De­vel­op­ing in­dige­nous aero­space and de­fence in­dus­try cru­cial

SP's MAI - - EDITOR’S DESK -

The air is abuzz with ac­tiv­ity. New air­craft, new weapons, new tech­nolo­gies, new so­lu­tions and new ideas are stream­ing past the In­dian hori­zon as In­dia emerges as the most de­fin­i­tive aero­space and de­fence mar­ket. Re­flect­ing the coun­try’s quest for mod­erni­sa­tion and its grow­ing tech­nol­ogy prow­ess is Aero In­dia in­ter­na­tional air show which is into its ninth edi­tion at the Air Force Sta­tion Ye­la­hanka, Bengaluru, from Fe­bru­ary 6 to 9.

The need to de­velop a self-sus­tain­ing na­tional arms in­dus­try is un­der­stand­able. That In­dia’s ef­forts to mod­ernise, up­grade and main­tain the equip­ment of its armed forces and to ex­pand its mil­i­tary ca­pa­bil­i­ties have made it the largest im­porter of ma­jor arms. In the past cou­ple of years, In­dia has made record deals, in­clud­ing pick­ing Das­sault’s Rafale for its re­quire­ment of 126 medium mul­ti­role com­bat air­craft (MMRCA). The French fighter air­craft Rafale and US F-16 will be dis­play­ing their lethal ca­pa­bil­i­ties at the show. In SP’s Ex­clu­sive, we have a report wherein the French Pres­i­dent Fran­cois Hol­lande and the French For­eign Min­is­ter Lau­rent Fabius told the vis­it­ing In­dian Ex­ter­nal Af­fairs Min­is­ter Sal­man Khur­shid that In­dia needed to ex­er­cise Rafale op­tions im­me­di­ately.

There was talk that with Rafale mak­ing it, in­ter­est in Aero In­dia 2013 would lessen, which cer­tainly is not the case, con­sid­er­ing In­dia’s quest to be a tech­no­log­i­cally-ad­vanced na­tion in all sec­tors, par­tic­u­larly aero­space and de­fence. Tes­ti­mony to the grow­ing in­ter­est is the fact that 78 for­eign del­e­ga­tions have con­firmed their par­tic­i­pa­tion in Aero In­dia 2013, up from 47 in 2011. The largest overseas par­tic­i­pa­tion is from the United States, fol­lowed by Is­rael and Rus­sia. The Rus­sian Pres­i­dent Vladimir Putin who vis­ited In­dia re­cently, was wit­ness to the sign­ing cer­e­mony of deals worth $2.9 bil­lion. Un­der the deals, In­dia will buy 42 Sukhoi Su-30 fighter jets and 71 Mil Mi-17 he­li­copters.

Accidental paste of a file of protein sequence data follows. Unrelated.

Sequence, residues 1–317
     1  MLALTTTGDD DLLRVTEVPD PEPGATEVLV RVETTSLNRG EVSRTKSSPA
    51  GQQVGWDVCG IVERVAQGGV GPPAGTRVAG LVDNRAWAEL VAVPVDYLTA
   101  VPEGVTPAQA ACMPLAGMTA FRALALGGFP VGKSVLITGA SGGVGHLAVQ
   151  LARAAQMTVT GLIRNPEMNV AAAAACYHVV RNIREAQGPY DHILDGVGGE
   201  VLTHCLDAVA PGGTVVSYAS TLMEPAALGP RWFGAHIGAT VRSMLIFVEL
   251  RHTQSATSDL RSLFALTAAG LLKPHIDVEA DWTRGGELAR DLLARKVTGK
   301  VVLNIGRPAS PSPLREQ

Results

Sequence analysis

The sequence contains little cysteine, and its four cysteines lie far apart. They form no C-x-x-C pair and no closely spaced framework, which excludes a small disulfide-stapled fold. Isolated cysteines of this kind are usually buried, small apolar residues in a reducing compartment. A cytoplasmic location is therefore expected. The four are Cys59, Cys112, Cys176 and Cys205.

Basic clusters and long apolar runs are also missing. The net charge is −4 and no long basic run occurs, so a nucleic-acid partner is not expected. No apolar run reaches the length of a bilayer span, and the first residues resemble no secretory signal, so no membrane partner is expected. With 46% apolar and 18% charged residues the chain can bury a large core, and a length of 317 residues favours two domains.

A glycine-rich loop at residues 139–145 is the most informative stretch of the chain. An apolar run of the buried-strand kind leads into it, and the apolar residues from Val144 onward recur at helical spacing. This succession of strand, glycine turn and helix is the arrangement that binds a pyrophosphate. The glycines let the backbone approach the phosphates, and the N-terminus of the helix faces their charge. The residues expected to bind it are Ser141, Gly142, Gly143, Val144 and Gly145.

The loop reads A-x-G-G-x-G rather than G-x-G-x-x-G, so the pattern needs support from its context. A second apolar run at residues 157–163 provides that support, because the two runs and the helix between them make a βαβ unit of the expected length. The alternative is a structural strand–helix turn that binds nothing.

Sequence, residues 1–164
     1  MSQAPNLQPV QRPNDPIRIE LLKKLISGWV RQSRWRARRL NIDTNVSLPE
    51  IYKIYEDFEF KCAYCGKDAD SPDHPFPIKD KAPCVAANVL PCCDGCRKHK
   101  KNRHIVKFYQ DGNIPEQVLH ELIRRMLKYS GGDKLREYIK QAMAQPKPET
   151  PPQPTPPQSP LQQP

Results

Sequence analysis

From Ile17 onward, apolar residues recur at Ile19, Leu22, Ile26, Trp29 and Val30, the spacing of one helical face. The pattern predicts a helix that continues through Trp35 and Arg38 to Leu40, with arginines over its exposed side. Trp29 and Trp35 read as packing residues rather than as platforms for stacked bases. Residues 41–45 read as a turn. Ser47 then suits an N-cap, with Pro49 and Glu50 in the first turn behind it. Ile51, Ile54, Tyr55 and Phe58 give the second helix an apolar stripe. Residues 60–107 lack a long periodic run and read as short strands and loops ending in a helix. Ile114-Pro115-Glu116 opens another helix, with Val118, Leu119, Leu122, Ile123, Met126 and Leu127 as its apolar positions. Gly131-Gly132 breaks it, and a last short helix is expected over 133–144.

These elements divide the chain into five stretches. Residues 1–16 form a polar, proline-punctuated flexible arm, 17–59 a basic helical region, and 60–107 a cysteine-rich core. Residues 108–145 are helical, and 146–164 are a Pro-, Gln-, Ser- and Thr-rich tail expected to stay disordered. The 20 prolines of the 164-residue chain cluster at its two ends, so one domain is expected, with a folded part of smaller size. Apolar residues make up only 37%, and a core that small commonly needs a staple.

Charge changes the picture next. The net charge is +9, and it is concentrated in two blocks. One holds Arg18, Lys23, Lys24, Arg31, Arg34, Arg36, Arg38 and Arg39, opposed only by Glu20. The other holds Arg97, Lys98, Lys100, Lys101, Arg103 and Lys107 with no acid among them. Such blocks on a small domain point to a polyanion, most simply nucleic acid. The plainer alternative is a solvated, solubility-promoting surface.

In SP’s Ex­clu­sives, we have in­di­cated the many de­buts that Aero In­dia will see in­clud­ing the In­dian fifth-gen fighter model – Rus­sian PAK-FA.

Lead­ing aero­space and de­fence man­u­fac­tur­ers from across the globe are here to woo the Asian Tiger which is the sev­enth largest coun­try in terms of mil­i­tary ex­pen­di­ture—$48.9 bil­lion in 2011—as per the Stock­holm In­ter­na­tional Peace Re­search In­sti­tute. In­dia’s neigh­bour China had a de­fence spend of a whop­ping $143 bil­lion. Be­sides, Chi­nese mil­i­tary ex­pan­sion, we have a bel­liger­ent neigh­bour on the west­ern front.

The bel­liger­ence took an ugly turn re­cently when a trans-bor­der Pak­istani raid saw not just the killing of two In­dian sol­diers, but mu­ti­la­tion of their bod­ies, go­ing to­tally against es­tab­lished con­ven­tions. In his frank and forth­right col­umn, Lt Gen­eral (Retd) P.C. Ka­toch has said it was time for In­dia to un­der­stand that the Pak­istani state is con­trolled by the mil­i­tary-ISI and th­ese two en­ti­ties were out to balka­nise In­dia. The Gen­eral has been very vo­cif­er­ous in de­mand­ing that a dirty war re­quires a sim­i­lar re­sponse.

In an­other ar­ti­cle, the Gen­eral has crit­i­cised the de­ci­sion of the government to turn down the Army’s pro­posal to raise a Moun­tain Strike Corps. The government needs to be aware of the grow­ing China-Pak­istan col­lu­sive threat.

Ir­re­spec­tive of the se­cu­rity threats, In­dia is on the path of mod­erni­sa­tion in many sec­tors, in­clud­ing de­fence and the Aero In­dia show re­flects that.

SP Guide Pub­li­ca­tions is the key of­fi­cial me­dia part­ner at the ninth edi­tion of Aero In­dia 2013. If you are in Bengaluru do meet us at Aero In­dia 2013, Hall B (B4.18).

Jayant Baran­wal

Pub­lisher and Ed­i­tor-in-Chief

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